Honduras has a law against drug trafficking, a law against child prostitution, a law against drunk driving. Since June 24, Honduras has now a law against fishing for sharks. Still Chinese restaurants on mainland Honduras serving shark fin soup shouldn’t expect to be raided by police agents looking for Honduras fished sharks. The legislation has no teeth, no ways of enforcing and few marine patrolling resources.
After a temporary one year ban, the 240,000 square kilometers of Honduras Water are now officially a permanent shark sanctuary. Honduras, after Palau and Maldives is only the third nation in the world to sign such a ban. By signing the document Honduras government is hoping for good press, more tourists and more money for conservation.
So far Honduran waters have not been a target for commercial shark fishing operations and the ban has more meaning for international environmental groups. “As commercial fishermen we understand that we need to protect the resource [sharks],” said Governor Shawn Hyde, also a general manager at a local seafood packing plant.
Around the world, an estimated 38 million sharks per year are killed for their fins. While studies show that sharks have much more value alive than on a plate, the legislation to protect the apex predators have been slow to follow. Honduras follows Palau, a Pacific Island nation that also has banned shark fishing from its waters. Chile is looking to be the third country to ban shark fishing.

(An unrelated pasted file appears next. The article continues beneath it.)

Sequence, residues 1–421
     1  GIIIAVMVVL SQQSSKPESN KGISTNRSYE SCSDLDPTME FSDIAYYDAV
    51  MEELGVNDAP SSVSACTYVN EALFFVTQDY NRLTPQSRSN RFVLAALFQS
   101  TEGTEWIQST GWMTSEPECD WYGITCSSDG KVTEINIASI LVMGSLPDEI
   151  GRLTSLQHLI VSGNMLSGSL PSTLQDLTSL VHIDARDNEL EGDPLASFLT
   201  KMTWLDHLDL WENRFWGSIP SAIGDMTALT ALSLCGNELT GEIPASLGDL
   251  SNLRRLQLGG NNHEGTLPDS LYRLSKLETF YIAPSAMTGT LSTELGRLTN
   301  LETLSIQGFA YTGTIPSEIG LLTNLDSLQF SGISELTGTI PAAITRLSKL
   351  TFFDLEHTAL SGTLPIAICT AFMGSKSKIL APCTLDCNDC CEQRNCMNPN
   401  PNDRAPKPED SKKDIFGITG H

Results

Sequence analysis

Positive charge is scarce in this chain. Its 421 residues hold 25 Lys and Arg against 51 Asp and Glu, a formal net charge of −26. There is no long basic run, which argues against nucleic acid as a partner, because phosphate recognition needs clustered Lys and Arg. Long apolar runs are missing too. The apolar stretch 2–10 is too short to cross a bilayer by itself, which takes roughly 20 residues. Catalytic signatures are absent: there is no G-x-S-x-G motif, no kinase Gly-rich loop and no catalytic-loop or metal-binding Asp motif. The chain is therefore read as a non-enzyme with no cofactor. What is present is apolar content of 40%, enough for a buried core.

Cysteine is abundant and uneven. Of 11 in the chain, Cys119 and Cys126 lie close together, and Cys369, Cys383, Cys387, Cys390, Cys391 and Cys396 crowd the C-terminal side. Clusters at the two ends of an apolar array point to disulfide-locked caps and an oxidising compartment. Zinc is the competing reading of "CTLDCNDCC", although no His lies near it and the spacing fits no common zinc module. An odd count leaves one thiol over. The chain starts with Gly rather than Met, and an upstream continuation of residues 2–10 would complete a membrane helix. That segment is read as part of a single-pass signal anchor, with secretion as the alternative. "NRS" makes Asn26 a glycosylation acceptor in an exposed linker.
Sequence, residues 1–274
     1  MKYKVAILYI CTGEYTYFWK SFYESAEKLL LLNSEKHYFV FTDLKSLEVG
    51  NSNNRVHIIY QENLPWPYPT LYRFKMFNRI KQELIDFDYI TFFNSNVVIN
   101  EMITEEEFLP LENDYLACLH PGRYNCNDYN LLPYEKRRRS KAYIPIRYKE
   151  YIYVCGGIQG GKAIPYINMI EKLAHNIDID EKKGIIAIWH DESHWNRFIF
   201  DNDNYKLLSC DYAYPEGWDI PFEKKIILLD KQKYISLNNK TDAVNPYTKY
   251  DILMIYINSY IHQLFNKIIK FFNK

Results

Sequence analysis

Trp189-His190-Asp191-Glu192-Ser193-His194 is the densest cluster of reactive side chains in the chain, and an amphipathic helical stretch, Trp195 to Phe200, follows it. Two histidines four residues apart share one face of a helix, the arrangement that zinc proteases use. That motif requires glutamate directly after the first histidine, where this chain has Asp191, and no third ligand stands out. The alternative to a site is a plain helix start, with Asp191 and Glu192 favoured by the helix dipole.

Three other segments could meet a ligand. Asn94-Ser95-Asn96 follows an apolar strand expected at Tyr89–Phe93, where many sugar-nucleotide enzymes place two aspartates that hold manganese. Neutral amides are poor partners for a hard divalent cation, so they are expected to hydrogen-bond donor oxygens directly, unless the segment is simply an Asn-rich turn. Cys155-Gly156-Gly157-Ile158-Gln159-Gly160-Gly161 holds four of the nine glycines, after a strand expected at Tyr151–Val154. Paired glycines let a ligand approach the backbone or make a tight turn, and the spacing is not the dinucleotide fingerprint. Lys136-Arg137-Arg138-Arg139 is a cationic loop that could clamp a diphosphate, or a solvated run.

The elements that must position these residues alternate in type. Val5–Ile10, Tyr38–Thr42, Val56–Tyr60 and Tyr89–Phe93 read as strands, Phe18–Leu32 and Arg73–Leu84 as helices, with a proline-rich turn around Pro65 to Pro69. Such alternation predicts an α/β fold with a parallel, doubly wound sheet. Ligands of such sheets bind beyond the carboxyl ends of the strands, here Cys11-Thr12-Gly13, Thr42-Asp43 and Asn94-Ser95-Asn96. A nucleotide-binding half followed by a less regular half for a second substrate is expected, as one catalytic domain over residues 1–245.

Bay Island tourist businesses have been making money off shark tourism since 1990s. Waihuka divers, based in Dixon Cove have been showing gray and reef sharks to divers for the past nine years. Other dive shops, especially those on Utila, have been attracting divers who want to see the elusive whale shark species that each spring migrates around the archipelago. Even deep sea dwelling six-gill sharks are an attraction for tourists coming to the islands to pay for a commercial sub dive Stanley Submarines based in West End. [/private]